room c – tuesday 13:00-14:00
Annick Hayen; Monique Maelstaf
Prof. dr. Marcel Ameloot
Hasselt University/Department Education
Hasselt University/Faculty of Health and Life Sciences
Annick Hayen has a bachelor degree of teaching elementary school and a master in Educational Sciences. She works as a stafmember at central department of Education at Hasselt University. In an earlier job, she provided lectures in higher education (teacher education).
Monique Maelstaf has a master degree in Psychology. She coordinates a team of stafmembers at Hasselt University.
They support departments in curriculumdesign, assessment, innovations and diversity. They organise courses to train university teacher (individual and collective coaching of teachers engaged in developing pedagogical competences).
Prof. dr. Marcel Ameloot was trained as a physicist at the KU Leuven (Belgium). He obtained his PhD in 1984 at the Limburgs Universitair Centrum (now Hasselt University) on the topic of nanosecond fluorescence relaxations in artificial lipip membranes. He took a postdoctoral position at the Johns Hopkins University (Baltimore, USA). Thereafter he obtained a permanent position at Hasselt University where he became full professor in 2000. Marcel Ameloot takes several administrative duties with respect to teaching and curriculum development, both in Physics and Biomedical Sciences.
Biomedical Sciences at the University of Hasselt is confronted with a double challenge.
Due to the vagueness of the profile and the uncertainty of the employment opportunities for a biomedical scientist the discipline attracts first year students with deficient learning competences and knowledge.
Consequences in the first year: demotivated students, no stimulating learning climate, high dropout rate, low social and academic involvement .
In Belgium access to higher education is guaranteed without formal prerequisites or entrance exams (one exception: medical and dentistry studies) Free choice of university is the norm. In the competition for new students an explicit and clearly distinct profile is a necessity for all related curricula.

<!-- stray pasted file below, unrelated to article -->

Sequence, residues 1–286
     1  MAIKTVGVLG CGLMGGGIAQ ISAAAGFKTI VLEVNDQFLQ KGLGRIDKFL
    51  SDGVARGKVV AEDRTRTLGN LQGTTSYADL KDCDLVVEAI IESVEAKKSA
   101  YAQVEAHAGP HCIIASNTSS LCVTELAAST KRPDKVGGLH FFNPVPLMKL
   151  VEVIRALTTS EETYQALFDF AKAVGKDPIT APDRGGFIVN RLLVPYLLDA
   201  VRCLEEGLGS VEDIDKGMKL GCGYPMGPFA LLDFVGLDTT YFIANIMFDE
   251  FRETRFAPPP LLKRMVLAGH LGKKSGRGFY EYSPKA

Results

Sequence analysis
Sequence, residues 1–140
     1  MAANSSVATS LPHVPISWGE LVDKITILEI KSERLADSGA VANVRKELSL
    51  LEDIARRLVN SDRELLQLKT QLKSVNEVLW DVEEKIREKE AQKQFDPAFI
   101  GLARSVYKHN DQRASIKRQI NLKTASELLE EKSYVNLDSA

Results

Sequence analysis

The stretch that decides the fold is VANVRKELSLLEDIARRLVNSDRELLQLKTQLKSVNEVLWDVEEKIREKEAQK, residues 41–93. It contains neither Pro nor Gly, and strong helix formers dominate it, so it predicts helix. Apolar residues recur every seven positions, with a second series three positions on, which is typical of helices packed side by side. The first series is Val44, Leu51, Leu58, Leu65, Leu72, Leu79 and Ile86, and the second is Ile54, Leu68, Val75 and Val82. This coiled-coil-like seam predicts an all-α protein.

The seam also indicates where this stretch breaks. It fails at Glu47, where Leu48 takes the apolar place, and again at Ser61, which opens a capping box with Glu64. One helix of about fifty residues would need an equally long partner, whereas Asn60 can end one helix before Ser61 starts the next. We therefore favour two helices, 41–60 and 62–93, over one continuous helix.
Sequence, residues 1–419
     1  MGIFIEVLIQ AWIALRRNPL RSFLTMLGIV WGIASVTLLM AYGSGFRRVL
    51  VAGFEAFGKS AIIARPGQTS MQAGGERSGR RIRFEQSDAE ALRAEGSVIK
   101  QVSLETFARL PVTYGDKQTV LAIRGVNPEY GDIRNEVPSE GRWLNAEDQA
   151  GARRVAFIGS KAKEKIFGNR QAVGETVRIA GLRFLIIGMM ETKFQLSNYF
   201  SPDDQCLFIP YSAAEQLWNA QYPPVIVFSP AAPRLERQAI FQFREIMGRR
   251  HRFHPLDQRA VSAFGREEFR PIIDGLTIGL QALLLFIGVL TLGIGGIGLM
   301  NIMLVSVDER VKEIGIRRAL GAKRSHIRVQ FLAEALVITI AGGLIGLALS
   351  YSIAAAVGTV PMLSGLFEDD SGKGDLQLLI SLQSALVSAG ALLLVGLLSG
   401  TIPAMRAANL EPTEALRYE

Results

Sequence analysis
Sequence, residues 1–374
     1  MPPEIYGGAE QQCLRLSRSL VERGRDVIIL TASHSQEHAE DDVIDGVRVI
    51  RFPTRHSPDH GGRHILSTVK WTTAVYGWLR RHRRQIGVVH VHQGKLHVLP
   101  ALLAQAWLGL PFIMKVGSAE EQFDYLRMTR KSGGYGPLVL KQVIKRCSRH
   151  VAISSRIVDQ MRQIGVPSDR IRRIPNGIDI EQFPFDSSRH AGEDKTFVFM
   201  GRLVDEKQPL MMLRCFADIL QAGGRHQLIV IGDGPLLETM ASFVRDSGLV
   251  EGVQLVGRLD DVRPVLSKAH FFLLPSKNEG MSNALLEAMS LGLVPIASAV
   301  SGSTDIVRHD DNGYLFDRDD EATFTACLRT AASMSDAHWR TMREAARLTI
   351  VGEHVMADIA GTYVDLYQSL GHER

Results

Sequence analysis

The bachelor in Biomedical Sciences at the University of Hasselt is confronted with a double challenge.
Due to the vagueness of the profile and the uncertainty of the employment opportunities for a biomedical scientist this bachelor discipline attracts first year students with deficient learning competences and knowledge.
Moreover the bachelor studies in biomedical sciences were (and still are) a simple and easy passage to the medical sciences for those students that didn’t pass their medical entrance exam. Students can switch from the first year biomedical sciences to the second year of medicine. The effect of this ‘unique’ year is a large number (over 50% of the student population) of so called “students-in-waiting” putting their education on hold. These are students without genuine interest in biomedical sciences.
The consequences in the first year are unmistakable: demotivated students, no stimulating learning climate, high dropout rate and low social and academic involvement .
After enrolling the learning outcomes and the learning paths of the bachelor program the educational organisation of the curriculum was redesigned. Basic assumption is getting from multidisciplinariy courses to interdisciplinarity: from a sum of disciplines to integrated disciplines, similar to reallife cases.
Great challenge: implementation of a personal development plan for academic and employability skills in a domain specific core curriculum. The educational concept of monitored self study stimulates the development of personal competencies and self reflection and in accordance with assessment.
The intended result: improve academic engagement, making students strong and flexible from the beginning.
Preparation time: 1 year, on short notice but also an opportunity because implementation and evaluation go hand in hand.